If you’ve seen the movie As Good As It Gets, you’re familiar with the repetitive behavior that defines the life of the main character, Melvin Udall. While Hollywood doesn’t always hit the nail on the head in its depiction of mental health disorders, this particular movie was nearly spot on. It showed a character with severe Obsessive-Compulsive Disorder who isolated himself from others and sabotaged himself from developing meaningful relationships with the people around him.
Obsessive-Compulsive Disorder (OCD) is when a pattern of unreasonable thoughts and fears leads to repetitive behaviors and compulsions. These compulsions often interfere with daily life and activities. Compulsions may offer a little relief, but the urges keep coming back, which leads to more compulsive behaviors. It can be a cycle that never ends.
What are the Symptoms of OCD?
OCD can be triggered by personal trauma, such as an abuse or death. Some of the obsessive themes and symptoms that may manifest in OCD patients include:
Theme: Fear of germs
Symptoms: Won’t touch doorknobs or shake hands with anyone
Theme: Need for order
Symptoms: Constant organization of personal belongings, such as arranging things a certain way before leaving the house
Theme: Excessive fear of making a mistake
Symptoms: Needing constant encouragement or reassurance from others
While research hasn’t pointed to any one particular cause of OCD, the medical community agrees that personal traumas and genetics are two of the most probable causes. If you have a family history of OCD or other mental health disorders, it can increase your risk of developing this condition.
Treatments for OCD
OCD treatments will not necessarily lead to eradication, but it can help get the symptoms under control so that the individual suffering can enjoy a better quality of life.
The two main treatments for OCD are therapy and medications. For most people, a combination of these two treatments will work well. Cognitive behavioral therapy (CBT) is a type of therapy that’s shown to be highly effective for OCD patients. CBT techniques work to change thought patterns in order to change emotions and behaviors.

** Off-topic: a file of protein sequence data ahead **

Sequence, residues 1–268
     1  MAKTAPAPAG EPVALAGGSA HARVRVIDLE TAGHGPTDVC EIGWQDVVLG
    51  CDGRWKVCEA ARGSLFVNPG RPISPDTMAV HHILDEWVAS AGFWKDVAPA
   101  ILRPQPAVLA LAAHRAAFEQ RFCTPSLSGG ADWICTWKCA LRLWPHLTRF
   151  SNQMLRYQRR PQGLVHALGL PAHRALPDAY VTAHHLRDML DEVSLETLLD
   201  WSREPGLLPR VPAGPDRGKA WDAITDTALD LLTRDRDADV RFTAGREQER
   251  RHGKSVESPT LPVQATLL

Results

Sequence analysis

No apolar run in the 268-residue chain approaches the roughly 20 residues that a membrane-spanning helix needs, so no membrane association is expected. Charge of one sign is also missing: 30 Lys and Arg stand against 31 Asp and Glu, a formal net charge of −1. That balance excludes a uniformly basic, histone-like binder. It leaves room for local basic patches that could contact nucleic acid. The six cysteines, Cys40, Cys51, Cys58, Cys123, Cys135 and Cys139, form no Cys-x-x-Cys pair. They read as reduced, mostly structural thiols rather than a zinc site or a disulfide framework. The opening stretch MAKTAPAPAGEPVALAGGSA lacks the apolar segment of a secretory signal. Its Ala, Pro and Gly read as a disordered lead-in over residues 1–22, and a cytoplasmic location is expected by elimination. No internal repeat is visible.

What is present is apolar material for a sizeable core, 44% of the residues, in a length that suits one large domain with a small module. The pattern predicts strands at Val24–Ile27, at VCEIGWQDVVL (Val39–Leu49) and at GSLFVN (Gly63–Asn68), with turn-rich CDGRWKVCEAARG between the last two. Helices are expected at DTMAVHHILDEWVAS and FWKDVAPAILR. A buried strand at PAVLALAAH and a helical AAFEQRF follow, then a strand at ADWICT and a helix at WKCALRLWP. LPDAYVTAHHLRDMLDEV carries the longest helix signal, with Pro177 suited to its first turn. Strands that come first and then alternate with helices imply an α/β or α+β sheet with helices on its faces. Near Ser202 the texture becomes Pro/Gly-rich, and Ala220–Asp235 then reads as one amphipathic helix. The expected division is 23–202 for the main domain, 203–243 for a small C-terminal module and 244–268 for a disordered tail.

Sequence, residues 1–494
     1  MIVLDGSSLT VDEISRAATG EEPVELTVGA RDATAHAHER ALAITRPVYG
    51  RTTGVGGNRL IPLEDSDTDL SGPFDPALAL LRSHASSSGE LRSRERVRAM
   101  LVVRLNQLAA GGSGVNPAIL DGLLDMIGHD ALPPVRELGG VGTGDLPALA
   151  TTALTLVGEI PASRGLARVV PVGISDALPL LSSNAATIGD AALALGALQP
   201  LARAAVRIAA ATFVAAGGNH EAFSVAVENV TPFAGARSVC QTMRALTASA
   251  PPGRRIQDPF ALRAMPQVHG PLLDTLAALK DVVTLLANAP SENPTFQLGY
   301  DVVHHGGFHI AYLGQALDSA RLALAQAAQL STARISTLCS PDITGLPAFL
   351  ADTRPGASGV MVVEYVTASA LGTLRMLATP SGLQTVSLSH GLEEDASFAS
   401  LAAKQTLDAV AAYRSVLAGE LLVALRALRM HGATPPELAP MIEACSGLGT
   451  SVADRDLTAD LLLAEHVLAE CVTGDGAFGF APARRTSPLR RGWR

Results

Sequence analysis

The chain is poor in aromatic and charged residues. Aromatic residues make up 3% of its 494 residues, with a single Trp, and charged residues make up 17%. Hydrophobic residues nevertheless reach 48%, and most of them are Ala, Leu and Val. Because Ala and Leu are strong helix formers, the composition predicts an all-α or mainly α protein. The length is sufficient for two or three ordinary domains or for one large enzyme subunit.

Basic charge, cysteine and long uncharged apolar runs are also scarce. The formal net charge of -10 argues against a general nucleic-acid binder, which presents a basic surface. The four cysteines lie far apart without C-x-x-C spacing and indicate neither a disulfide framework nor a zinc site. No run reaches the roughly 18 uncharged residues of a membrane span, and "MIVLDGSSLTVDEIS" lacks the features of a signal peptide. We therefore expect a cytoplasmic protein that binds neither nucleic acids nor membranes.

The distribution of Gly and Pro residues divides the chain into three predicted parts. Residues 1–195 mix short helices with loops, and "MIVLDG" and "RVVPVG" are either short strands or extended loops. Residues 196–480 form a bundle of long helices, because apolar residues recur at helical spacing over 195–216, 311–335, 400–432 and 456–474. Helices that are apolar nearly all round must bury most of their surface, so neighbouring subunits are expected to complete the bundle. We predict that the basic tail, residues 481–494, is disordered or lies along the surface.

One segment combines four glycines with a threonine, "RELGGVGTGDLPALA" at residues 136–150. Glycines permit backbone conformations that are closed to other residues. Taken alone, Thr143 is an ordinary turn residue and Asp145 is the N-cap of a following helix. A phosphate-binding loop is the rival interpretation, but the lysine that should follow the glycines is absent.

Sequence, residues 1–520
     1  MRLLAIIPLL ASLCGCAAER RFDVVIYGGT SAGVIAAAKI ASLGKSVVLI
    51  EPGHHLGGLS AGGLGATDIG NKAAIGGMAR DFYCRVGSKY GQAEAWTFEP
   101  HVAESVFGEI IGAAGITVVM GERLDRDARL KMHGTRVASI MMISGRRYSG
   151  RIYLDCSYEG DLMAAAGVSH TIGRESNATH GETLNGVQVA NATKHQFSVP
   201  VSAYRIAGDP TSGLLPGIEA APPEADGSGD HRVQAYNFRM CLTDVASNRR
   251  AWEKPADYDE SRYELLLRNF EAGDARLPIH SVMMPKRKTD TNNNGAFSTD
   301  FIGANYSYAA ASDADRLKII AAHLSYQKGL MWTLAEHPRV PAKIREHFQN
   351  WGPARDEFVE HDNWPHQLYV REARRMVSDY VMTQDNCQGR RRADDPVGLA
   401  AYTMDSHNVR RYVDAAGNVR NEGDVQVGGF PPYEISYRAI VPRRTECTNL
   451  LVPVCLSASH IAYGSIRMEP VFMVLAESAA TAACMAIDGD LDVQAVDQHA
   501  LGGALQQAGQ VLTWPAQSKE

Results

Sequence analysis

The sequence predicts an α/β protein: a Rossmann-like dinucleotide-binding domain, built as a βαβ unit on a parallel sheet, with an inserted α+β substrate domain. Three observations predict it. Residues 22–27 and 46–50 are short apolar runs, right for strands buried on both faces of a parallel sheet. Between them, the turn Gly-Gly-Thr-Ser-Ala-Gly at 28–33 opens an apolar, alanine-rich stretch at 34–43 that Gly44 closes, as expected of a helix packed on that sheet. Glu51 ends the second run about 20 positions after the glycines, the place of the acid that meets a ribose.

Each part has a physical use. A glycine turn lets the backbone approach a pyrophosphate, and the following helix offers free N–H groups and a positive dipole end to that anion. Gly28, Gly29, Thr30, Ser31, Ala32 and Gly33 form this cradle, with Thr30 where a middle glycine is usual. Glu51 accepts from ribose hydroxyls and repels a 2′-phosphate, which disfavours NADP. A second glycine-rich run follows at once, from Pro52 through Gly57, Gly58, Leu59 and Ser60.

Exposure and response prevention (ERP) is a type of CBT therapy that encourages patients to face their fear or obsession head-on. It exposes them gradually to the feared object, such as dirt or germs, in order to find a healthy way to deal with those feelings and leave them behind. ERP is difficult and takes practice, but over time it can be an effective way to cope with the compulsions associated with OCD.
OCD is a chronic condition, but with proper treatment, patients can live life with these compulsions safely under control.
Think You Could Use the Help of a Therapist?
Creative Counseling Center is here for you. We’re happy to offer a free consultation to any new patient in need of counseling or curious about whether our practice is a good fit for them. We see children as young as age 2. So whatever your or your loved one’s age—and whatever the struggle—counseling could make all the difference. Complete the brief form below to be connected with a member of our counseling team and start your journey towards mental well-being.